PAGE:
8 May 2016 12:55 PM GMT
The issue of easy access to the justice should be one of the main considerations for establishing new Courts, said the Bench.Bombay High Court recently observed that it is difficult to get funds from the Government even for basic needs of the Court. In Partur Advocate Bar Association vs State of Mahrashtra, the High Court expressed its dissatisfaction over the Government’s attitude...
The issue of easy access to the justice should be one of the main considerations for establishing new Courts, said the Bench.
Bombay High Court recently observed that it is difficult to get funds from the Government even for basic needs of the Court. In Partur Advocate Bar Association vs State of Mahrashtra, the High Court expressed its dissatisfaction over the Government’s attitude towards Judiciary in the following words
“The Judiciary has no financial independence in the sense that for carrying out even a small work of repairs or for buying furniture, the Courts have to seek sanction of the State Government for release of funds. The orders passed by this Court shows that it is difficult to get funds from the Government even for basic needs of the Court. Various orders passed by this Court in PILs show that from time to time, this Court was required to issue directions to the State Government for providing elementary facilities to the litigants such as availability of washrooms, water purifiers, water filters, etc. Many buildings of the Courts are being constructed only after a writ of mandamus is issued by this Court for the release of funds. For establishment of new Courts, land and buildings are required for the Courts and judicial quarters. Additional Judges are required and additional posts of staff are required to be created by the State Government. Additional furniture, computers, printers etc are required.”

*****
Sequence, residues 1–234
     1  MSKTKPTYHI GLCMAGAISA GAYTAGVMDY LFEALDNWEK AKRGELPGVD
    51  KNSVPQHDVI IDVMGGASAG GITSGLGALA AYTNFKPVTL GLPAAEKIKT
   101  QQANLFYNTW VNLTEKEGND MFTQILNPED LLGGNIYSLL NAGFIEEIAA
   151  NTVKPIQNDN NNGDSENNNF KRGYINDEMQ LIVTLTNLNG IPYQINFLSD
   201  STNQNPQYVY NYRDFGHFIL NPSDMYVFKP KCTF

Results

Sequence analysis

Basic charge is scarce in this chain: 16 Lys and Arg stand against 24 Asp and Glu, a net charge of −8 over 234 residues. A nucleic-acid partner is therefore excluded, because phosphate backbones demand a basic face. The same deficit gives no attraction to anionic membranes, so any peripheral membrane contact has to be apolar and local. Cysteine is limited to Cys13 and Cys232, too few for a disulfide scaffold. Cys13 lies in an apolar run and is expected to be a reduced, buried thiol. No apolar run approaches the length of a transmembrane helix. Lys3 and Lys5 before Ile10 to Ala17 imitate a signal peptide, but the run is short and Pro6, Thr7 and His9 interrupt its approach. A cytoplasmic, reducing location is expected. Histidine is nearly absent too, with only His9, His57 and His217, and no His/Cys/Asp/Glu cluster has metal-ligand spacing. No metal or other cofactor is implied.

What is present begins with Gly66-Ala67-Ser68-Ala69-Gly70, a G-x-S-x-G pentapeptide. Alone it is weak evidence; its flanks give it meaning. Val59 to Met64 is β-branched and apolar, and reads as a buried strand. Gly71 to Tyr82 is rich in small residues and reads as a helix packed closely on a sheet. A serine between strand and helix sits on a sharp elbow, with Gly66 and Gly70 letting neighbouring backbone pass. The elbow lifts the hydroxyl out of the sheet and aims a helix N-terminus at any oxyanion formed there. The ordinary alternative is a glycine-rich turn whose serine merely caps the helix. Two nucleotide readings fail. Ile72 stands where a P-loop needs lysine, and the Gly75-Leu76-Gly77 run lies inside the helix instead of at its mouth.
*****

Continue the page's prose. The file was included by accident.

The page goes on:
The Division Bench of Justices A.S.Oka and C.V.Bhadang was considering a writ petition for the establishment of the Courts of the District and Additional Sessions Judge as well as the Civil Judge, Senior Division at Partur, Taluka Partur, District Jalna. The Bench narrated the true state of affairs in the State as follows;
“There are large number of Courts in the State which are housed in privately owned rented properties. At many stations, there are no judicial quarters available and wherever they are available, the same are not adequate in number. In a city like Mumbai, the judicial officers do not get quarters immediately after they are posted and, therefore, they are required to stay in a make-shift hostel facility at Small Causes Court at Mumbai. In other bigger Cities in the State , even such transit facility is not available. Most of the Taluka and District Courts lack elementary infrastructure. In fact, in large number of PILs pending in the Court wherein the issues of lack of infrastructure has been raised, this Court has issued directions from time to time to the State Government to provide funds and or infrastructure. In many cases, this Court was required to issue writs directing release of funds for construction of Court buildings. In many cases, the Court premises which are situated in rented properties require repairs but the landlords 12 of 25 13 wp-5098.12 are refusing to co-operate and permit repairs.”
In the Case, the Court has considered the following Questions
(I) What should be the consideration for establishing new Courts of ADJ and CJSD at Taluka places within existing judicial District?
(II) Whether in the matter of deciding the issue of establishment of aforesaid Courts, the State Government has a primacy or the High Court Administration has the primacy?
The Court held that the power of establishing Courts, wherever conferred on the State Government, both under the Civil Courts Act and the CrPC will have to be exercised by the State Government after consultation with the High Court. In view of the provisions of Article 235, the views of the High Court will have the primacy. This can be the only harmonious interpretation put to the relevant provisions of the Civil Courts Act and CrPC to make it consistent with the provisions of the Constitution.
The Court has summarized its views as follows;